Go back to the fool and quiz yourself again and repeat with the aces of each suit. When you have them all, turn the cards upside down (called the “reverse” position) and repeat the process for the reversed interpretation of each card.

Continue to quiz yourself till you get them all correct in both positions.
Move onto the 2nd card in repeat the entire process. When you get them all correct, add them to the previously learned cards and quiz yourself.

I like to write the interpretations for a series of 2 numbers (a total of 10 cards) to give myself a break from the memorizing. I like the rhythm of learning 2 number cards and then getting the break. It’s less monotonous than writing them all out and then studying them. BUT… if you want to do that, or do more than a series of 2 numbers, that’s fine. The idea is to create a system that leaves you wanting more rather than feeling like giving up.

After you get through a series of numbers, shuffle the cards and quiz yourself. Create 2 piles. The first pile is for cards that come easy to you (“hit” card). The 2nd pile is for those that you “miss” on. Repeat the quizzing process to the “miss” cards until each one comes easy enough to you to be added to the “hit” pile. Keep the cards in the same position when you lay them in the correct pile.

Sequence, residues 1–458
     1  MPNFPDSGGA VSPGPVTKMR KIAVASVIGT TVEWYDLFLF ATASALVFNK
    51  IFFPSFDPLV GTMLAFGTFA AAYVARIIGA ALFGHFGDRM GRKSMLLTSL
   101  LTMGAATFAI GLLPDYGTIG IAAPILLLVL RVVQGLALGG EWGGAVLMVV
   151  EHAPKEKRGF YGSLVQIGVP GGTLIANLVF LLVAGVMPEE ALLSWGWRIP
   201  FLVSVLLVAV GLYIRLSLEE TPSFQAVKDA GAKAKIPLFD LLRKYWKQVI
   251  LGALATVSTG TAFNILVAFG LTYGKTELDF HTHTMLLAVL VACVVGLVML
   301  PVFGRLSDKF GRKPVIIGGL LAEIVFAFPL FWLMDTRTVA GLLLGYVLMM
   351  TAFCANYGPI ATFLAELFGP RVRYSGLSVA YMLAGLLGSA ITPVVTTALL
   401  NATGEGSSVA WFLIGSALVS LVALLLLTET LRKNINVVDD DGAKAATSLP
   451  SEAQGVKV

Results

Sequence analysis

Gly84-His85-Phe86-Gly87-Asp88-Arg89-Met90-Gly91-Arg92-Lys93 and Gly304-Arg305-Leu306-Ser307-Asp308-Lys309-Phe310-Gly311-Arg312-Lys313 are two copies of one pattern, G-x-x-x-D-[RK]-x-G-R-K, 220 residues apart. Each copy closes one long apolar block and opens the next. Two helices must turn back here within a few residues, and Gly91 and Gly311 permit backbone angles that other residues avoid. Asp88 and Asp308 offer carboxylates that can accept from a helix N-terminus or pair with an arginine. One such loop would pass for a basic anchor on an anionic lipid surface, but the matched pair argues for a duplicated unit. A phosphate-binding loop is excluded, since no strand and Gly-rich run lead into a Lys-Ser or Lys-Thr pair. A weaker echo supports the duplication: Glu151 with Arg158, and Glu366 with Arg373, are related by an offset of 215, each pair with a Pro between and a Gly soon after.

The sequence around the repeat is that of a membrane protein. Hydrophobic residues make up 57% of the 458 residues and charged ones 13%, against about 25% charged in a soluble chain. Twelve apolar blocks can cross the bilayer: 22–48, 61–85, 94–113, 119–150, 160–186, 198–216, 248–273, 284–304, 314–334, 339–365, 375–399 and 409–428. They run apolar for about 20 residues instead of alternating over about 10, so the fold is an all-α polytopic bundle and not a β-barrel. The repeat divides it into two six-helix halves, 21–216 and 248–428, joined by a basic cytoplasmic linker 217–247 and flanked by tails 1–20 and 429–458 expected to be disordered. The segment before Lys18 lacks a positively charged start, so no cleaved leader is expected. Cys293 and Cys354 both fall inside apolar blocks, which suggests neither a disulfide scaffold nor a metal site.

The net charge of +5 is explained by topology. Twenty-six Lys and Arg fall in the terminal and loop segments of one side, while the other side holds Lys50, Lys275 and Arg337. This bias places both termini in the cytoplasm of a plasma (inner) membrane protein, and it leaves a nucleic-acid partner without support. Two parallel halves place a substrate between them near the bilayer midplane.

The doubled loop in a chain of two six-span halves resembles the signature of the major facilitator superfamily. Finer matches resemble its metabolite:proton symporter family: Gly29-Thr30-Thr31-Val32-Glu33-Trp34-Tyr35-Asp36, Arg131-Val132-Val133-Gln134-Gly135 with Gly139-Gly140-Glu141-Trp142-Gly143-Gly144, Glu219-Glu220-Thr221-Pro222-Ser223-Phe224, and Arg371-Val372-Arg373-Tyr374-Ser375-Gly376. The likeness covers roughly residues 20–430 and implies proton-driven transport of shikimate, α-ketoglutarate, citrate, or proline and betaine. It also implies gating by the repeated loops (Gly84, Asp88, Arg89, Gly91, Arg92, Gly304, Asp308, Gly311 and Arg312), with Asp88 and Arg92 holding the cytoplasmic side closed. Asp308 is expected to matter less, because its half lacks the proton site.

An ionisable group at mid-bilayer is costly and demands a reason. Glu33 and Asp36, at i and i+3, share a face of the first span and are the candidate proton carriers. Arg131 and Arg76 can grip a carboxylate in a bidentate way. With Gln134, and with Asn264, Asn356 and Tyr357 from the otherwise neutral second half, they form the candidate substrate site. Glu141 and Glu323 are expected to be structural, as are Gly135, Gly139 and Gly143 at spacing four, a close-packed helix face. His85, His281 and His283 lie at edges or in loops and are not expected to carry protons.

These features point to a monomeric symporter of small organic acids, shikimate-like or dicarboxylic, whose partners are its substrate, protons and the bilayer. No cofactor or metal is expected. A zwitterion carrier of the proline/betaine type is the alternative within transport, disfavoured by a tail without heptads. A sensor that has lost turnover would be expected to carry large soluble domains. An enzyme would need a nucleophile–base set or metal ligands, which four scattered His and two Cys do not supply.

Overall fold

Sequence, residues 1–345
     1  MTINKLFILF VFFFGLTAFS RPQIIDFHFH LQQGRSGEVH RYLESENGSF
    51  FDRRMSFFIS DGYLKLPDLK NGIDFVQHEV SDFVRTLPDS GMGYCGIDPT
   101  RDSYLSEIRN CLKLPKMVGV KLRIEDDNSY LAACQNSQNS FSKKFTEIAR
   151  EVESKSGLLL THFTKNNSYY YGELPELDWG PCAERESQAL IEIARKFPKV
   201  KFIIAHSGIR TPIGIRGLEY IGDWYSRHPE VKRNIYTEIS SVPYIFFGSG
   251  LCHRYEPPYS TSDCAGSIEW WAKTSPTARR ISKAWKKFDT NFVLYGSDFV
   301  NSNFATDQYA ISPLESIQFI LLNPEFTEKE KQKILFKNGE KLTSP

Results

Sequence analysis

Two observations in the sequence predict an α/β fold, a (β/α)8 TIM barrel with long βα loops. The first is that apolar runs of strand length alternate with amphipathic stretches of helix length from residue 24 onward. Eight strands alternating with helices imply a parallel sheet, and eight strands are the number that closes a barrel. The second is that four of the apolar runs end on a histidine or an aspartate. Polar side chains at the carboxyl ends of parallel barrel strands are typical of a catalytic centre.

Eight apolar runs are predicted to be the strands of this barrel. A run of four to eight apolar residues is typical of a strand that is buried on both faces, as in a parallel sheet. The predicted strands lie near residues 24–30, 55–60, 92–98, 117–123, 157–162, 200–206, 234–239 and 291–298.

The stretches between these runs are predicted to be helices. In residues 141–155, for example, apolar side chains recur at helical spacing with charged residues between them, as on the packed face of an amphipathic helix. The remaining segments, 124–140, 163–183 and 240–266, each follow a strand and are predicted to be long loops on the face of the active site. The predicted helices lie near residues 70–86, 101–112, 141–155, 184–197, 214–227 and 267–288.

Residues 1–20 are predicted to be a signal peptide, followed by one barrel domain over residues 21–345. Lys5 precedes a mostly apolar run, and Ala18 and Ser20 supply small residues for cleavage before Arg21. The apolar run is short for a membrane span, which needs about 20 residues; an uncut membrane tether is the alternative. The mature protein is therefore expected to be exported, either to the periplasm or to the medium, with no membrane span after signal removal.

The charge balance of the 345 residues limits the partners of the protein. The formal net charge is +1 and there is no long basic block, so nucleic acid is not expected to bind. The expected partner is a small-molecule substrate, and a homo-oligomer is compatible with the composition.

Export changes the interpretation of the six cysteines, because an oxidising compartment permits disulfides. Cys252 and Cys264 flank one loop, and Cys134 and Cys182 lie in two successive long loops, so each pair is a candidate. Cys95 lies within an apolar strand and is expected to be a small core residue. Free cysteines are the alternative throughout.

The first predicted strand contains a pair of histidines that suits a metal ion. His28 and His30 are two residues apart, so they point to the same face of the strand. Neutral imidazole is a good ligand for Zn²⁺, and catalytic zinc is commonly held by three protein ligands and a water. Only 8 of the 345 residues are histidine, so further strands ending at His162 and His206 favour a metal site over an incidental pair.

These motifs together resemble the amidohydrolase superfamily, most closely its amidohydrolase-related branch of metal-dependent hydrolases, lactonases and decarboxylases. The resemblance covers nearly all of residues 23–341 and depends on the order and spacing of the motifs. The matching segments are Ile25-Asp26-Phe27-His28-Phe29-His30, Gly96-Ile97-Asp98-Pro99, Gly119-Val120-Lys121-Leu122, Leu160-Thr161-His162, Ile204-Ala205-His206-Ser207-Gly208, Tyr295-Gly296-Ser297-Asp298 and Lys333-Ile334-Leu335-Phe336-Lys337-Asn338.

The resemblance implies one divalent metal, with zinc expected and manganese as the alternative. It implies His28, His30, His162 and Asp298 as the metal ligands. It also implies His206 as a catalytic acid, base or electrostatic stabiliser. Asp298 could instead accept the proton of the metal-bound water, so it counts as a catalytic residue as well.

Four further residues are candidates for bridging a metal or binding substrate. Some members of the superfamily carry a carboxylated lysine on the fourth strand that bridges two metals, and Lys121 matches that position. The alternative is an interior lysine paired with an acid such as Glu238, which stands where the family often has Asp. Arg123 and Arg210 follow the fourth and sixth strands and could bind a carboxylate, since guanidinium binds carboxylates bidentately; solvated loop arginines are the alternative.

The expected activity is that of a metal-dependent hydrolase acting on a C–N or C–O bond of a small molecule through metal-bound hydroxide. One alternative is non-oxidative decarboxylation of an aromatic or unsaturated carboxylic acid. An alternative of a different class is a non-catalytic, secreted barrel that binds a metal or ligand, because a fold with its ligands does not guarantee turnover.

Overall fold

Turn the cards around and study them from the other position repeating the “hit” and “miss” pile process.

Move onto another series of cards in the same fashion. Continue with the quizzing / hit and miss process.

Add all the cards you have studied to one pile and shuffle. Repeat the entire process until you get them all correct. By now, you should notice that they are starting to “sink in”. You may even get to the point that you don’t like the interpretation that they book gives and create one of your own. GOOD!